“We work closely with public health … we depend a lot on them.” Dane Henry, CEO of Lake Regional Health System, says he wants the Lake of the Ozarks community to hear that message.
Henry and others at the Lake Regional were concerned about some people’s response to a recent open letter to the community written by the CEO. In it, Henry stressed the recent trend to increase Covid-19 cases in the region. He warned: “As the number of COVID-1
READ THE COMPLETE LETTER HERE:
Editor’s note: This letter was written by Lake Regional CEO Dane Henry as a direct letter to the community.
Some believed the message to be at odds with a recent press release from the Camden County Health Department administrator Bee Dampier: he recognized a recent rise in some cases and also pointed out that most people had had symptoms from mild to moderate. In particular, comments on LakeExpo’s Facebook article expressed dismay at the apparent contradiction.
While the cases of Covid nationwide and on the lake have risen recently, Camden County Health …
Anita Harrison, Lake Region’s Assistant Assistant Manager for Public Relations, explained: “We understand how [those] the points could be confusing for those who want to form an opinion based on the facts, but who are struggling to sort the messages that seem to be conflicting on the surface. “While most cases are in fact mild to moderate, Harrison said, Henry and Lake Regional wanted to warn the public that hospital admissions related to Covid-19 are increasing, with the increase in the number of local cases. .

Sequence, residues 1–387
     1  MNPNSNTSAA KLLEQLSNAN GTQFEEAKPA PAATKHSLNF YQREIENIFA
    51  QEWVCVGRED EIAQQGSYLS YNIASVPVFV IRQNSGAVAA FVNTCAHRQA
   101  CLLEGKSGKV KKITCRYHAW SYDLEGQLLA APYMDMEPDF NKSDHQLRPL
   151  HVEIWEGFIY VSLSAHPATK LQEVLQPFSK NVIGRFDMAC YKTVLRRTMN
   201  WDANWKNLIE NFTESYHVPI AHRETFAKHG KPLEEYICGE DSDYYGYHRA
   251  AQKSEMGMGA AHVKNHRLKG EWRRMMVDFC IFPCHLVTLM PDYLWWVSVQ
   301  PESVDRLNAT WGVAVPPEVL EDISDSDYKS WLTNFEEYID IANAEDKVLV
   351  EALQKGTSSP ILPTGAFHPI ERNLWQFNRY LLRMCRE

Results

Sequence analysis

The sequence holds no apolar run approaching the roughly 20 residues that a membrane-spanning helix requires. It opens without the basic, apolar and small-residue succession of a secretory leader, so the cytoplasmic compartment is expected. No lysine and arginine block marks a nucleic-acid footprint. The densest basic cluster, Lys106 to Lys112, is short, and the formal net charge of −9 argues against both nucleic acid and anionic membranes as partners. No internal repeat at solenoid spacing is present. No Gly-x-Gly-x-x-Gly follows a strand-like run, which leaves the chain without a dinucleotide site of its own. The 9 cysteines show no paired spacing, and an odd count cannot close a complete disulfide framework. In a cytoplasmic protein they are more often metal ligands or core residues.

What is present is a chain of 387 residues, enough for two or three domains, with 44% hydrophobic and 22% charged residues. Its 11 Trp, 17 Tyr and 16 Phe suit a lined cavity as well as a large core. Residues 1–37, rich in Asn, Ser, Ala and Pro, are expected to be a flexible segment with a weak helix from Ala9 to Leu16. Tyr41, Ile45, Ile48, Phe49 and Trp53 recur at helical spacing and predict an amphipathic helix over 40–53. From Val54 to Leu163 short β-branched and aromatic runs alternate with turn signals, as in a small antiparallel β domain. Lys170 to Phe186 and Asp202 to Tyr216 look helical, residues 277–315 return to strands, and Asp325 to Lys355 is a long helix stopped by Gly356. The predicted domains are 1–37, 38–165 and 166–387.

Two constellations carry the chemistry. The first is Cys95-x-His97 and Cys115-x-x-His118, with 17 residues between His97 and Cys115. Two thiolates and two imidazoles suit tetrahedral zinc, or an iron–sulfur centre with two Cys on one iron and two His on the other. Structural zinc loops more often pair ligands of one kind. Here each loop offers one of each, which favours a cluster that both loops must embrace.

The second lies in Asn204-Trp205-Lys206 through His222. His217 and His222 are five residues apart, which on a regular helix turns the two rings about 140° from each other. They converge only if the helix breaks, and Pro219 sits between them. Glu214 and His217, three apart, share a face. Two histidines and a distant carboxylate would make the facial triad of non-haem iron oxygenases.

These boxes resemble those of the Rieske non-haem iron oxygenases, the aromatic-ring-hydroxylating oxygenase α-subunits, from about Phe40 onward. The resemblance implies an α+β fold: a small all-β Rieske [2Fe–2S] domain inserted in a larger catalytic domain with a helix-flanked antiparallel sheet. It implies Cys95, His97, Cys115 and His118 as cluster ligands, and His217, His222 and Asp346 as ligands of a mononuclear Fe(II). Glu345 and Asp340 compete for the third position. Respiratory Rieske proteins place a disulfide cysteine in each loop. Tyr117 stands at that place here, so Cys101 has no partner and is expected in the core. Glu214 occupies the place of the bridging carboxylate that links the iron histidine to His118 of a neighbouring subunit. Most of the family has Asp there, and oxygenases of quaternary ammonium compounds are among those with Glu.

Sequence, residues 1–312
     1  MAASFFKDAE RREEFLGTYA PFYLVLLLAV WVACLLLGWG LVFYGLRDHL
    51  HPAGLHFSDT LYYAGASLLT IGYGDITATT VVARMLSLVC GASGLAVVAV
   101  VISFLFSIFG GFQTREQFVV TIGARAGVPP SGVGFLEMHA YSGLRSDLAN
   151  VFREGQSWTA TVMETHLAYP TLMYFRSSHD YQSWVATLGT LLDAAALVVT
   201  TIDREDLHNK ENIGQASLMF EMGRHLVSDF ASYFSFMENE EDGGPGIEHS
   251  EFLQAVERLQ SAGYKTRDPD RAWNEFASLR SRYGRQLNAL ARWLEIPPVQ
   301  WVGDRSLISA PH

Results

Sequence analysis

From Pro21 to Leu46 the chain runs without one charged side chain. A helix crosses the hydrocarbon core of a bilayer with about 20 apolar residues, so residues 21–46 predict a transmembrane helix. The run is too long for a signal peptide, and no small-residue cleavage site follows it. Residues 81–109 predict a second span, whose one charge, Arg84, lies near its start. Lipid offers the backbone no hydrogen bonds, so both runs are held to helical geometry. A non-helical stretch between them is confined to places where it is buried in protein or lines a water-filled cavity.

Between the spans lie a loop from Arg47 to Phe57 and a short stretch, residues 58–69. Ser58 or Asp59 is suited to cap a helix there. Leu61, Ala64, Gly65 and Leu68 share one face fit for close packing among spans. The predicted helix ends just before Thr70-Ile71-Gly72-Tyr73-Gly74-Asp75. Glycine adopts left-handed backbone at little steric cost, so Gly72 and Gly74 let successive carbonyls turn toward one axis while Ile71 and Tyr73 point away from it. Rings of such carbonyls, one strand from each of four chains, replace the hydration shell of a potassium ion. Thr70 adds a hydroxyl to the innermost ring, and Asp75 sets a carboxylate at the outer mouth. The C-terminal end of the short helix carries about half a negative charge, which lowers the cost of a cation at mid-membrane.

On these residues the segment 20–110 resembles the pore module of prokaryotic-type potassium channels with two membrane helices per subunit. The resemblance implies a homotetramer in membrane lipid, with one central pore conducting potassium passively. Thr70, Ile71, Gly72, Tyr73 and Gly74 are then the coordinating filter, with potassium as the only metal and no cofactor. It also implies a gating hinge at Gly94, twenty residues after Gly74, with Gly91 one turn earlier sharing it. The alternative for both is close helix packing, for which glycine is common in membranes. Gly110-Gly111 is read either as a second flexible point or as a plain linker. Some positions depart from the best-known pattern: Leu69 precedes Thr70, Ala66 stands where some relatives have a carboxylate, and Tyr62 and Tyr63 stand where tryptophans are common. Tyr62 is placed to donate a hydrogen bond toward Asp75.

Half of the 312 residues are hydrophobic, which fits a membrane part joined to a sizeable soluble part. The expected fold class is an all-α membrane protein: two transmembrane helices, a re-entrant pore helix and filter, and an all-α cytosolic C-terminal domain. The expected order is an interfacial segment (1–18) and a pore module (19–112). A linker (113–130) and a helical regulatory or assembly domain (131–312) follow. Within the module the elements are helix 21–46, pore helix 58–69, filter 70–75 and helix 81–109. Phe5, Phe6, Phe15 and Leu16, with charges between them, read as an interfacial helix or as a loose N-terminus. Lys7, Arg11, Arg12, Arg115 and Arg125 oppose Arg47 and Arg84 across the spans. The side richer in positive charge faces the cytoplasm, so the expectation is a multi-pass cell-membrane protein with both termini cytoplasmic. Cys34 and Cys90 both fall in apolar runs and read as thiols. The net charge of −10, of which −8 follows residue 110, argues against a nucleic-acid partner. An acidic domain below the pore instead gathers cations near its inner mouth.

Not made for the summer
In an interview with LakeExpo, Henry referred in April, when they were testing a maximum of 35 people per day, with an average of 3-5 new positive cases per day. “Then, in mid-May and Memorial Day weekend, we were zero, zero, zero, zero …” he recalled. “We heard … that it would be done for the summer and we could see it coming back in the fall.” But, as Henry and the health department pointed out, positive cases are on the rise again.
Although only a small percentage of people infected with Covid-19 will need hospitalization, it is inevitable that as more cases increase in the community, hospitalizations will increase. “This is what is starting to worry us,” said Henry. “We are seeing what happened in the spring happen again.”
“The expected mortality rate for COVID-19 nationwide is 1 in 100 cases,” said Jennifer Bethurem, vice president of public affairs and marketing at Lake Regional. “Currently in Camden County, we are experiencing 100 new cases every 5 days, which means we can expect 1 death every 5 days.”
Henry goes to the border between alarmism and realism: raise the appropriate concern without being overly alarmist. Even at the height of the hectic season of the Lake area, when hospitalizations for all kinds of problems are at their peak (“We do things besides taking care of coronavirus patients”), Henry points out that the Lake Regional is not at the point of be overwhelmed. They don’t just want to get to that point. The hospital has 18 intensive care beds and, on Friday 31 July, 6 of them hosted Covid patients, with 5 tests pending. Lake Regional has 15 primary ventilators, with the ability to ventilate approximately 25 patients at any one time.